Operating principle of a spatial auto-correlator. The input beam is split into two signals and they are recombined on a detector plane at an angle. At each point along the detector, the wavefronts of the two beams interfere with each other with a fixed time delay set by the angle. This is equivalent to a classical autocorrelation signal. The left figure shows the spatial autocorrelation of optical laser pulses using a detector array, while the schematic on the right shows the spatial autocorrelation using the broadband coherent radiation (CR) signal from an electron beam.
The top figure shows the engineering design of the RTI with the optics. The lines trace the rays of the radiation through the optics. The bottom figure shows the actual experimental setup of the RTI. The input beam is split by a wedge splitter (c) and then sent to mirrors (a, b). One of the split signals travels to the movable stage (d) and then is reflected back through the mirrors (e, h) to the cylindrical mirror (i). The other signal from mirror (a) travels to mirror (g) and is reflected by a angle-adjustable mirror (f), which is sent to the flat mirror (h). After both signals arrive at the cylindrical mirror (i), they are focussed with the cylindrical mirror (i) and directed to the pyro-detector array with the flat mirror (j). The signal from the pyro-detector array (k) is sent to an oscilloscope.
Experimental setup of the A0 photoinjector facility. The electrons generated by the RF gun are accelerated by the booster cavity to 14 MeV. The beam is then focused using the quadrupoles (Q1, Q2, Q3) before it is sent through the emittance exchange (EEX) beam line. After going through the dogleg section of the beamline, the beam hits a metal screen at X24 and generates coherent transition radiation (CTR) which is transported to the RTI. The quadrupoles are marked as ovals and the diagnostic stations are marked as diamonds. D1, D2, D3, and D4 are dipole magnets used to bend the beam.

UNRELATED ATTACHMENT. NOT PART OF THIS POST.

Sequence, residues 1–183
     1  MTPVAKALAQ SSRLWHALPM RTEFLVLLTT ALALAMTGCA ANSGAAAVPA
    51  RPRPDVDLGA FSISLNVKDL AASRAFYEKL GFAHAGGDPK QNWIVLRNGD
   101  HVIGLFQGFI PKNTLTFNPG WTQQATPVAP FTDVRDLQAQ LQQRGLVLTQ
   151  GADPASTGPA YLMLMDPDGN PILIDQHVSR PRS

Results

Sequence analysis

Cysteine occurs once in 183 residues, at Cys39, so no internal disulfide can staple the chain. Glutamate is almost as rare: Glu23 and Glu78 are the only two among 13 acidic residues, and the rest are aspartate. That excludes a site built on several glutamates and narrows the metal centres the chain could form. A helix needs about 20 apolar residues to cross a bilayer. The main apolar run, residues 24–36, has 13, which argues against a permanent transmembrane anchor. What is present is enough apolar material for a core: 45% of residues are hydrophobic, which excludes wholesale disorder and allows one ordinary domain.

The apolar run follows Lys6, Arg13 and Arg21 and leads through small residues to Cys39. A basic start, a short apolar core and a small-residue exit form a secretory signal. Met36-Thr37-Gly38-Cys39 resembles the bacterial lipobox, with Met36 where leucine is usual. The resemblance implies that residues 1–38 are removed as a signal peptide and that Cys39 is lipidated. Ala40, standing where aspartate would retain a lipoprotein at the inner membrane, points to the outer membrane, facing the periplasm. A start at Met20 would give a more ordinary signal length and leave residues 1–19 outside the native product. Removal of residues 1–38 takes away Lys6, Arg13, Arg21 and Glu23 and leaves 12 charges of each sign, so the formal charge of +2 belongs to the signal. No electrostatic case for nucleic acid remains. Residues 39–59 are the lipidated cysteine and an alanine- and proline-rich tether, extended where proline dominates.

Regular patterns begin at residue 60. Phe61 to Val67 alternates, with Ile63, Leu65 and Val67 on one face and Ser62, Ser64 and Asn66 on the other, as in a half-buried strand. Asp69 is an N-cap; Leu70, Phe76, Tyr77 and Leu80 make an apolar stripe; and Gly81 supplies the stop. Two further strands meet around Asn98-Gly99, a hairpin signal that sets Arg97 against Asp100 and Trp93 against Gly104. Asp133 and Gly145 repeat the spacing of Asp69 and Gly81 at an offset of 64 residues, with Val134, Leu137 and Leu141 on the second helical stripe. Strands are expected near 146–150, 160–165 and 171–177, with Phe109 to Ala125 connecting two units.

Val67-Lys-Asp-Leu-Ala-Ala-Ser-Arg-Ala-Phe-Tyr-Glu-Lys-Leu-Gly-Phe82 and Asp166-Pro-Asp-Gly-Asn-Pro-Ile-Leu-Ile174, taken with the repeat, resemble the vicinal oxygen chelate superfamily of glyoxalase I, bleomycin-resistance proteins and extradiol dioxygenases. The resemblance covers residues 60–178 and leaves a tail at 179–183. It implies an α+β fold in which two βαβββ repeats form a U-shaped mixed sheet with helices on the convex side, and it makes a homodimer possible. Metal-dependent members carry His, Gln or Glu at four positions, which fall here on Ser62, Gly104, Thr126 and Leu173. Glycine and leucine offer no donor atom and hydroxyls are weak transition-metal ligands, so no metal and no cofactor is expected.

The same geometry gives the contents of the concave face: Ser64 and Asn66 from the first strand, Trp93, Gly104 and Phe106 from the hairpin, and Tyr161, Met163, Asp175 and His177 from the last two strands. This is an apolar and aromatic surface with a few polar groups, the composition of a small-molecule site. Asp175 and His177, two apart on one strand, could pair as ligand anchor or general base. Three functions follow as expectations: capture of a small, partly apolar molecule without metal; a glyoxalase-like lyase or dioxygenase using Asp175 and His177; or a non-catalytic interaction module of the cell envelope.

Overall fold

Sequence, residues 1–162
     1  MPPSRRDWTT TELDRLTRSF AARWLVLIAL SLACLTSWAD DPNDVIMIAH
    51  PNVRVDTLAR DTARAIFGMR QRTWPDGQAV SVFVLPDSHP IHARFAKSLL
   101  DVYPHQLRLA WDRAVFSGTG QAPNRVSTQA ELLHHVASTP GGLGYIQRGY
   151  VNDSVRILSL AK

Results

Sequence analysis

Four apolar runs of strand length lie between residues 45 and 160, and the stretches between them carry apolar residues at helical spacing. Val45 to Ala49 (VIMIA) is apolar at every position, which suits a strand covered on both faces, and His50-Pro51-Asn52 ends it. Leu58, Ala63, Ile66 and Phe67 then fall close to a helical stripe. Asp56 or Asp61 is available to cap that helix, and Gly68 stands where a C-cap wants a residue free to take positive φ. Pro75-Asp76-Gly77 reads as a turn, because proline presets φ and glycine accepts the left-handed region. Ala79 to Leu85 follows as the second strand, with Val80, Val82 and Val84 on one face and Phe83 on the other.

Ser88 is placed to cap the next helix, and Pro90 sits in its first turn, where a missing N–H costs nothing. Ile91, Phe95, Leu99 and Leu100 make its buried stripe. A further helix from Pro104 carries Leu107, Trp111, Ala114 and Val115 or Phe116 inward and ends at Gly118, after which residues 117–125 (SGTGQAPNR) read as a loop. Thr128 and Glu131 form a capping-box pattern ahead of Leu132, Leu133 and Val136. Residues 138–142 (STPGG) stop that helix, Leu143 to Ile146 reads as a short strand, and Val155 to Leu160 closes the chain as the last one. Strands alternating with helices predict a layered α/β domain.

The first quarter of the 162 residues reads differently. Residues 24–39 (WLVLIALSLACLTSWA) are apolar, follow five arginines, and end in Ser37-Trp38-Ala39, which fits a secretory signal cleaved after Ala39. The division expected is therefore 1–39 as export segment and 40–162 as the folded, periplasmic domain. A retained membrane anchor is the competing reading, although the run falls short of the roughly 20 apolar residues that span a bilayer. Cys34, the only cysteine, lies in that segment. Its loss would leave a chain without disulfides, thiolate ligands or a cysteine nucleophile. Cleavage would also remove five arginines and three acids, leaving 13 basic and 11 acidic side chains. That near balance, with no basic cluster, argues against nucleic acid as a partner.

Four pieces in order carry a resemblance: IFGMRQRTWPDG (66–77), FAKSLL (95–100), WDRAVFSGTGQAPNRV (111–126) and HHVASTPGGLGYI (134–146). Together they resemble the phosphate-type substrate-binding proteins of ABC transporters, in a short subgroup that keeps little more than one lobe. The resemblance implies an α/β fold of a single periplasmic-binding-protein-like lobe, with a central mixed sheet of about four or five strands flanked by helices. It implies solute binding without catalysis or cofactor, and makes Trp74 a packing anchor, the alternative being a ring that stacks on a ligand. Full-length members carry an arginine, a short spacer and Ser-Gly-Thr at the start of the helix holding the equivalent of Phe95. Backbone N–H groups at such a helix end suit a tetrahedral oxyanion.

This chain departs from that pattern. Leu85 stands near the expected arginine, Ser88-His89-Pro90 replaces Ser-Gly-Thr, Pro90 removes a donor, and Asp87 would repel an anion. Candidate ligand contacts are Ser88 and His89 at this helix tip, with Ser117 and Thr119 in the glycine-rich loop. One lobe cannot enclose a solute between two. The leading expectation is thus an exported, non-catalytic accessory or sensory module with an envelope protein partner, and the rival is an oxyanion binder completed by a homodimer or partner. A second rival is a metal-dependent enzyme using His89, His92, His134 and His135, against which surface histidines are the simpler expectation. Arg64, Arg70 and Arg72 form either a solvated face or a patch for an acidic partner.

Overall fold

The raw oscilloscope trace obtained from the 32-channel detector array of the RTI showing the central part of a typical autocorrelation. The x-axis is time (1 ms/div) and the y-axis is volts (200 mV/div). Each element in the array is illuminated depending on the strength of the autocorrelation signal at that element. By counting the number of pixels in the central (FWHM) width, for a given mixing angle, the bunch length can be estimated. The trace was obtained from the coherent transition radiation, when a 13.4 MeV electron beam hits a foil. The number of pulses in the bunch train was 40 bunches with each pulse carrying 180 pC.
Autocorrelation trace obtained from the real-time interferometer (RTI compared with the autocorrelation trace obtained from the Martin-Pupplett interferometer (MPI). The agreement in the central part of the autocorrelation – which determines the bunch length – is good while the sides of the autocorrelation differs due to the low-frequency response of the detectors in MPI and the RTI.
Fast Fourier transform of the autocorrelation trace obtained from the RTI and MPI. While the high frequency cut-off between the MPI and the RTI agrees well, the low frequency response is different. The difference in the size of the detector might explain the low frequency response.
A comparison of the bunch length (FWHM) obtained from the streak camera and the RTI for various quadrupole settings of Q2AX06 (labeled Q3 in Fig. 3). At longer bunch lengths, the discrepancy between the RTI and the streak camera is due to the poor low-frequency response of the RTI. At the shorter bunch lengths, the streak camera approaches its resolution limit and hence a larger uncertainty. Moreover, the simple estimation of the bunch length from the RTI autocorrelation trace excludes the form factor or the shape of the bunch, which could play a significant role as well.
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